With the news of hurricane 'Matthew' showing up, and my holiday coming up soon I'm a little concerned. Here in Europe we don't have to deal with these types of things often so I'm a little lost on what to do.

What I need to know:

  • Should I be worrying about this? It's in 3 weeks and I'm going to Texas. Flying to IAH, travelling to Dallas, Austin, San Antonio. It'll take a while before it hits land, is it likely it'll be less bad by then?

  • What is a good source for hurricane tracking/news? I tend to find sites that are very unclear or just very 'media-ish', being very panic-y.

  • 1
    Matthew is not expected to have any real impact on Texas (which is some 1500km away, and itself slightly larger than France). In any event it will be over long before your journey. Oct 6, 2016 at 0:19
  • 1
    Tracking on this storm: nhc.noaa.gov/graphics_at4.shtml?5-daynl Note that it's not expected to go anywhere near Texas. Oct 6, 2016 at 20:27

2 Answers 2


In my opinion (!) you should be fine. Yes there are alarming stories as you mention (eg) but these are offshore and, now it seems, the Florida coastline.

There are were minute by minute updates here.

Strength has dropped to Category 2 (~100mph wind) from Category 4 (~140 mph wind). The Express seems to have lost interest but at present The Weather Channel has news. The eye of the storm is approximately 1,200 miles from Texas and moving away.

Strength has dropped to Category 1 (~75mph wind) and Matthew is moving away from USA.

Weather (all types) warnings and watches here.

It is the nature of hurricanes in that area to dissipate in strength quite quickly once they move over land. There are no signs at present of any significant threat to Texas. The most to fear at present is I think flight disruption, but since not flying in through Miami for example I am confident the airlines would cope with minimum disturbance to passengers flying in to George Bush Intercontinental from abroad.

Anyway, in three weeks it will all be over (except for a mess offshore and probably parts of Florida).

  • 1
    Thank you, this was exactly the type of information I was looking for!
    – Summer
    Oct 5, 2016 at 11:47
  • The Express is not a reliable source of news.
    – vclaw
    Oct 6, 2016 at 4:17
  • One more site to keep an eye on: the National Hurricane Center: nhc.noaa.gov
    – Mark
    Oct 7, 2016 at 1:51

The other answer mentioned how to track the hurricanes, so I only add the information what to do if you must expect to meet one.

Cyclones (meteorologically) have different names like hurricanes in the US/Caribbean and typhoons in East Asia, but they are all the same phenomenon.

The difference between an European storm and a cyclone is that cyclones are much more powerful. A very strong storm here in Europe is something like 130 km/h, but that is only a weak hurricane.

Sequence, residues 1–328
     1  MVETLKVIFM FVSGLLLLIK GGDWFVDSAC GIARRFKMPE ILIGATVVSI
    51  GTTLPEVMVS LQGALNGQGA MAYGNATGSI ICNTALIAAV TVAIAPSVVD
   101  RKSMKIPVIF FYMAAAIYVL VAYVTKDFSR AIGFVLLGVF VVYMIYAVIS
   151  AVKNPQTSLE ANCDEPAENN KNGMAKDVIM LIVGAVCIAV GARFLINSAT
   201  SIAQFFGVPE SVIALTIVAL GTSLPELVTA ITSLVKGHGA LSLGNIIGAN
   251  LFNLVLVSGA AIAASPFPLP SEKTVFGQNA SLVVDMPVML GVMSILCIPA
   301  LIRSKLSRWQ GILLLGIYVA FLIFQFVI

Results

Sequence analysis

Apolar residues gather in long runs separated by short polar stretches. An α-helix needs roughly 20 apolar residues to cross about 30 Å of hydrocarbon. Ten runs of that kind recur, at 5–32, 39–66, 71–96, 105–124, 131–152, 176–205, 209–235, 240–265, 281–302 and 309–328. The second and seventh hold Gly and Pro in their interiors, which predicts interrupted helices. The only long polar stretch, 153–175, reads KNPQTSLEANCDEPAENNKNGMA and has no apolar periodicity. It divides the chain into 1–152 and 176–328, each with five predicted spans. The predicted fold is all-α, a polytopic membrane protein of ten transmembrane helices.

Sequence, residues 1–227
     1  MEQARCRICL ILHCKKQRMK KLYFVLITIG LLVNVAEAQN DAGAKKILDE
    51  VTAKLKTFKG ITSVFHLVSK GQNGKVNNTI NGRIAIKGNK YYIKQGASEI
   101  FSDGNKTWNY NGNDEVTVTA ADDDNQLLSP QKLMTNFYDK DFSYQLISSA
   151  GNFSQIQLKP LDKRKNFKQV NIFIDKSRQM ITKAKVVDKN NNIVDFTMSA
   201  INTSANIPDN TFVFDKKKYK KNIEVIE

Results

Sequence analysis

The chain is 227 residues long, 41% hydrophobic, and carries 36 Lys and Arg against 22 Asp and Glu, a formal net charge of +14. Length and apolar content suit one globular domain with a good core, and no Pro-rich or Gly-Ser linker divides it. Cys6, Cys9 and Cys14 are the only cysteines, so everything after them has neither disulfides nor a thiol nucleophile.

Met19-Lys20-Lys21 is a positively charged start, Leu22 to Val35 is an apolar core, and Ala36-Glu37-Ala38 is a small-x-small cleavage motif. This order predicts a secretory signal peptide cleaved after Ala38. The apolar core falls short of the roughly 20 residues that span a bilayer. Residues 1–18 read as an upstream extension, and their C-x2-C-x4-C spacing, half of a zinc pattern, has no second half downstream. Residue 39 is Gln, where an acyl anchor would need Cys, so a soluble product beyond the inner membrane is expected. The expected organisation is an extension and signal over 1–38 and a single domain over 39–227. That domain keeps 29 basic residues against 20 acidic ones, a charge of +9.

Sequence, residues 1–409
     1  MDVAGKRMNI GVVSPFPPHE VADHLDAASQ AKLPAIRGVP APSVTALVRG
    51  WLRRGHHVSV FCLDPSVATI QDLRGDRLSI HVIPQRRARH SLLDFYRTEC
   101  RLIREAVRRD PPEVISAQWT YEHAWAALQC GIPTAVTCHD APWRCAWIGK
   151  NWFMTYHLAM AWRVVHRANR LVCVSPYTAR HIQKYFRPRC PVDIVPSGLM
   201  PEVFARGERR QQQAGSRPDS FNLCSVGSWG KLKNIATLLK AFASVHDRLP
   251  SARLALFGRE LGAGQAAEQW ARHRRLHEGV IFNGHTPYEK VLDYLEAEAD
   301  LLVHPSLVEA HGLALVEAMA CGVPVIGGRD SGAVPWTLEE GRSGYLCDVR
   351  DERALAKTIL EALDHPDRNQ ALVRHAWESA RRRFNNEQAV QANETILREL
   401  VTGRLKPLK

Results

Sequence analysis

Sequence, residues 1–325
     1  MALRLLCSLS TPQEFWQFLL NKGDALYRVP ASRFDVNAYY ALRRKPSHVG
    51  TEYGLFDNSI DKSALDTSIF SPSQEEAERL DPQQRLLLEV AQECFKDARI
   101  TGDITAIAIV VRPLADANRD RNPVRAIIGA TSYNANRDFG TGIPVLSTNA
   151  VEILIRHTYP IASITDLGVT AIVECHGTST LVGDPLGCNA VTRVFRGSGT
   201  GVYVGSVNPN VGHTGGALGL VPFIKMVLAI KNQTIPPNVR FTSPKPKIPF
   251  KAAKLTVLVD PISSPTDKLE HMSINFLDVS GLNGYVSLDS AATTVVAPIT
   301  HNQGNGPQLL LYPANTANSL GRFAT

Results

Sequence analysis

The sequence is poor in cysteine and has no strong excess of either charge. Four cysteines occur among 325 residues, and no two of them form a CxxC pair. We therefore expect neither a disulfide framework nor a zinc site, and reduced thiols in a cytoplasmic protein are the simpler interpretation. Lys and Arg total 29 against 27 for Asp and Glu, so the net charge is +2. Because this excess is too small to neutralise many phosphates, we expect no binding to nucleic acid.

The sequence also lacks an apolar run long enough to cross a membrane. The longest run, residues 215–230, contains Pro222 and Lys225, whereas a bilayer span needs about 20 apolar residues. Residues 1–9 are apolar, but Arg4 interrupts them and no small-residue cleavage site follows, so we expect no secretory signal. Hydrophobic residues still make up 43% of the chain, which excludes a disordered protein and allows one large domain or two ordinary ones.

• Find high ground. Three causes are responsible for storm flooding far beyond normal levels: The very low pressure in hurricanes (raising the sea level) together with extremely strong winds (very high waves) and extremely strong rain (it is several times stronger than even a thunderstorm downpour in Europe and very hard to describe properly) cause storm flooding far beyond normal levels. So leave the vicinity of the sea and try to find a proper shelter. Drowning and being flushed away are very real dangers.

  • Find shelter for the severe winds. The houses in hurricane/typhoon areas are reinforced, the people know normally how to prepare for hurricanes (nail wood planks over the windows). If you are secure of flooding, use the basement. If you have no basement, use the bathroom. The bathroom is the smallest room and has tubing which reinforces the walls and gives best protection. Be not surprised that the wind pressure is strong enough that rain sickers through the walls. Forget those advices of opening windows to equalize pressure, simply make your rooms as tight as possible.

  • BE AWARE OF THE CALM EYE !! I cannot believe this vital information is often left out. In contrast to normal European storms cyclones have the "eye of the storm", a small and very calm center which has often open sky, but it is also surrounded by the most intense winds. People hear the storm howling and suddenly very rapidly the storm is calming down. They think the storm is over and go out when in reality they are in the eye. The back section now surprises them in full force, often killing them. So hurricanes are quieting down over hours, not minutes. If it stops, it is not over, it is simply the eye, DO NOT LEAVE COVER.

  • Be cautious after the storm. Very likely water is on the street, building rapid, but inconspicous torrents. Even if you are not swept away, shards and nails can cause injuries and infections. Transmission lines could be down and electrocute people. Be aware that very likely hospitals are operating as far as it will go because many people are injured, but the infrastructure is severely damaged. There could be looters looking for easy prey. Police and firefighters will be overworked; police or national guard could be trigger-happy if they suspect that you are out for looting.

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    @pnuts How exactly do you interpret "Looking for hurricane advice and sources" and "Here in Europe we don't have to deal with these types of things often so I'm a little lost on what to do." ? But thanks for the explanation. Oct 6, 2016 at 11:29
  • 1
    @pnuts Please remember that I (and others) do not look at the editing history before answering. And even then one bullet point in the original question was "What is a valuable source for hurricane info?" which refers to the title. And if I really understood the question wrong, then I have problems what exactly the "General advice about precautions" link is meant for in your answer. Please explain ? Oct 6, 2016 at 11:45

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